Obi was in Lagos at the weekend to explain to journalists Gusau’s mission in seeking to run for the nation’s highest office.
He said Gusau “knows the problems of this country and has the solutions,” adding that having been a member of the Supreme Military Council (SMC) in 1974, the then highest ruling body, Gusau had served in government longer than all other presidential aspirants, although mostly “from the perspective of security chief.
“May I introduce to you a courageous and disciplined leader who knows the problems and has the solutions,” he said, “I have seen various probes, but nobody can say this is where you find Aliyu Gusau.”
He repeated Gusau’s plan to serve for only one term of four years if elected and hand over in 2015.
He said Gusau would in 18 months of assuming office provide uninterrupted power supply for at least 18 hours daily.
Told that at 67, Gusau was too old to run a modern state, Ben Obi cited President Abdoulaye Wade of Senegal, who is 82, saying what Nigeria needs is “someone who is competent, courageous and disciplined; it is not about age, Aliyu will build institutions, he knows them and he knows what to do.”
At the weekend in Kaduna, Babangida, who chaired the launch of a book, Broadcast Media and Development in Northern Nigeria: A tribute to life and times of Adamu Yusuf, a renowned reporter of the British Broadcasting Corporation (BBC) Hausa Service, attested to the potency of the mass media. He said: “There is no doubt that broadcasting is a veritable tool in the quest for sustainable national political reform in Nigeria”.
He argued that the media in Nigeria should be seen as “suitable agent for the promotion of communal peace and reconciliation and being the most potent organ for social and political mobilisation in the country”.
Babangida, who eulogised the late journalist who died in 2007, said, “Adamu Yusuf was a vital partner and indispensable comrade in nation building. The inspirer of hope, pride, unity and peaceful co-existence, always ensuring that Nigeria’s image both at home and abroad was not compromised in any circumstance. Such are the names that come to mind whenever broadcasting and media are discussed and such are the journalists required; always investigate and developmental.”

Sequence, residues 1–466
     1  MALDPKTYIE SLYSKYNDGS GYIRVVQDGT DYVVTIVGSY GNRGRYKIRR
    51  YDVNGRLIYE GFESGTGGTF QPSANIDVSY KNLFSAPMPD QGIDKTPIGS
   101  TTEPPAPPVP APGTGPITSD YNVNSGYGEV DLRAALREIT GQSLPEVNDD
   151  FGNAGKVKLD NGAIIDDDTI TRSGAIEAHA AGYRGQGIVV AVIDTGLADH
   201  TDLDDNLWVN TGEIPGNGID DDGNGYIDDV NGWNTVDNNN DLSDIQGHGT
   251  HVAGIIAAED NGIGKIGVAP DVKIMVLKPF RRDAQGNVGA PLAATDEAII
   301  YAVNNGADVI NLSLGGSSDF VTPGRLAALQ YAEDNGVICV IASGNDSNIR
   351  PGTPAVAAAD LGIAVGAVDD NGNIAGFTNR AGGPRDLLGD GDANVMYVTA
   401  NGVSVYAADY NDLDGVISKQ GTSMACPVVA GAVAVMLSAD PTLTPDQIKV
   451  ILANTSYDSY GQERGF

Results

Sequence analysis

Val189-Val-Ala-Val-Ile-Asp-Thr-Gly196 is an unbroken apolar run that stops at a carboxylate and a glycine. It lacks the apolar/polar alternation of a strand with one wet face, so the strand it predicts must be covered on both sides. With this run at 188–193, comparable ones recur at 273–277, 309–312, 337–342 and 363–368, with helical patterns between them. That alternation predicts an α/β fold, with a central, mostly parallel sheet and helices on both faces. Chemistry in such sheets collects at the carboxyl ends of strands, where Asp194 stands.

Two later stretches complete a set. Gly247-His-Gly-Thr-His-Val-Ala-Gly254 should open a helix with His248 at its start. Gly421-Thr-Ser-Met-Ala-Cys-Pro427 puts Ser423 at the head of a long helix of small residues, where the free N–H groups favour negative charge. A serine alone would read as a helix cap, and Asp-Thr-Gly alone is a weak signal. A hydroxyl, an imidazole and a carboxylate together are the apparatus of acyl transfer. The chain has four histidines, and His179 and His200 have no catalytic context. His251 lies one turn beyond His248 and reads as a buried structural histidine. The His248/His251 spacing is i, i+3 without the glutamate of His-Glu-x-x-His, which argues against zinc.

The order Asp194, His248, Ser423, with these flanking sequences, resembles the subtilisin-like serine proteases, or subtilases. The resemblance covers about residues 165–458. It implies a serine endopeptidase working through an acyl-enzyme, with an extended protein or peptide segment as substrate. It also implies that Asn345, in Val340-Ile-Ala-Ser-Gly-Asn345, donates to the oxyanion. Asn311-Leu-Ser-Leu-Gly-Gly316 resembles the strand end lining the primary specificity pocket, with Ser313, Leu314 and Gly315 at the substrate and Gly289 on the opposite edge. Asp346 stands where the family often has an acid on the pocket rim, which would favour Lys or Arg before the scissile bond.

Babangida, who also visited the Governor of Jigawa State, said he is “not afraid of President Goodluck Jonathan and his incumbency advantage because the PDP is a party with an excellent internal democracy.”
He told reporters in Dutse that if the PDP Chairman, John Nwodo is serious about ensuring that internal democracy is restored back to the party, he (Babangida) is sure the processes will work out accordingly.
According to him, “PDP is an excellent party and it allows for internal process to take place. Remember what the chairman of the party said, he is going to ‘take the party back to the people’, and he is not doing badly. So, the question of incumbency doesn’t count because he has said he is going to take the party back to the people.”
On security in the country, Babangida said it is a serious concern for all Nigerians, adding that it requires a collective effort of the three tiers of government to tackle it once and for all.